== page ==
Folio (309 x 212 mm). , 265, [1 blank] leaves. Double column. Title printed in red and black within large woodcut border by Hans Baldung Grien showing Holy Roman Emperor Maximilian I enthroned, holding scepter and orb, within a pillared hall, at his feet the imperial arms, signed with the artist’s monogram (Hollstein 257; Johnson, German Renaissance Title-Borders, no. 3). Title somewhat stained and with a few short marginal tears, occasional browning.
Contemporary Moravian half blind-tooled alum-tawed pigskin and wooden boards, sewn on four pairs of cords, the sides divided into panels, decorated differently on each cover with a variety of repeated tools and a single roll applied twice, the spine also blind-tooled (but rubbed), pair of brass fore-edge clasps with pigskin attaches, semi-circular clasp-strap recesses cut into in both boards. The binding well-preserved with clear impressions of the tools.
Provenance: Franz Gottfried Troilo von Lessoth (ca. 1583- ca.1648), honorary councilor (from 1617) to Emperor Ferdinand III, with his large woodcut armorial bookplate, covering the entire front inner board; his family’s library combined with the Piccolomini family library and donated ca. 1701 or 1702 to: the Library of the Piarists (Poor Clerks of the Mother of God), Schlackenwerth, Bohemia [today Ostrov], late 17th-century inscription on title, Ex libris Principissae Piccoliminiae Bibliothecae Slacoverd[ensis] Scholarum Piarum"; shelfmark “Morales No. 17” on front pastedown; “1516” stencilled or penned in modern black ink at foot of spine; with E. K. Schreiber, 1984 (description inserted); sold to Wolfgang G. Scholz, sale Boston, Skinner, 23 July 2019, lot 22.***
First correct edition of this popular guide to canon law (1st edition 1484), revised and edited by the important Strassburg humanist Ottmar Nachtgall (Luscinius); an attractive copy with interesting Central European provenance.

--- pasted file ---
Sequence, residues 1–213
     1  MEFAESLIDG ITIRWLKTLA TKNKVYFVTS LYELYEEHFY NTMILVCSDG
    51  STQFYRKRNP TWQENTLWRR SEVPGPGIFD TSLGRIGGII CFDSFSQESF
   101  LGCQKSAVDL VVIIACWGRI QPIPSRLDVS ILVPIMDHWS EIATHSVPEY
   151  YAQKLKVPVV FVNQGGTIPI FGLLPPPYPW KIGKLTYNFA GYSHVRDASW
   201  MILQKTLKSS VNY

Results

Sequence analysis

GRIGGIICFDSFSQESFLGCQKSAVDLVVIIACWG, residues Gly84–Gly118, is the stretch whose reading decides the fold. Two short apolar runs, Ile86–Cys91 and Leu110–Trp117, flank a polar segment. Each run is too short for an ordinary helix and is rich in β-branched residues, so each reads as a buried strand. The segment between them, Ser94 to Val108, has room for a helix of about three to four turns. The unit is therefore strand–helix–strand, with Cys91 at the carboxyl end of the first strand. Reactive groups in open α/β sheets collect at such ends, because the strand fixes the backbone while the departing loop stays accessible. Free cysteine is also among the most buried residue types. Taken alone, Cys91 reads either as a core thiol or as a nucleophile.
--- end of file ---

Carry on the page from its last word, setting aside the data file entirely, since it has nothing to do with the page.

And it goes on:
The 15th-century Franciscan Baptista de Salis or Trovamala published two versions of his Summa casuum conscientiae, completed in 1483, appearing under different titles, as the Summa baptistiniana and the Summa rosella. Arranged alphabetically by subject, from Abbas to Uxor, the work includes detailed guidelines for many topics, including absolution, adultery, divorce, confession, excommunication, heretics, the canonical hours, indulgences, novices, relics, and usury. Baptista’s principal source was Nicolaus de Ausmo.
Ottmar Nachtgall (1487-1537) was a priest and pioneer of Greek studies in Germany, and is credited with bringing the study of Greek to Strassburg. His student life epitomizes the cosmopolitanism of humanist education: His first teacher was Jakob Wimfeling; he then read literature and philosophy in Paris, studied theology and canon law in Louvain and later Padua, and finally learned musical composition in Vienna. His interest in classical Greek led him to visit Greece. Returning to Strassburg in 1514, he became a member of the humanist circle which included his old tutor Wimfeling, Johann Geiler von Kaisersberg and Sebastian Brant. Erasmus respected Nachtgall’s knowledge of Greek and encouraged him. Although he remained a Catholic, Nachtgall’s resistance to corrupt practices in the church hindered his career, and he left the city in 1523 for Augsburg.